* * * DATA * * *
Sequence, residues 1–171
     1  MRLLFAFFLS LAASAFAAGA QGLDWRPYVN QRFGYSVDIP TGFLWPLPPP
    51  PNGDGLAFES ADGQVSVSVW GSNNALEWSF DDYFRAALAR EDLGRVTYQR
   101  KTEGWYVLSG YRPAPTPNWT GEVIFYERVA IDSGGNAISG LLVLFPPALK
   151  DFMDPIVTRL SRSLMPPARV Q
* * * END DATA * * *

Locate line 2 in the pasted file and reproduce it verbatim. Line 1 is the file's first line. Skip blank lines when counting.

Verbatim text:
     1  MRLLFAFFLS LAASAFAAGA QGLDWRPYVN QRFGYSVDIP TGFLWPLPPP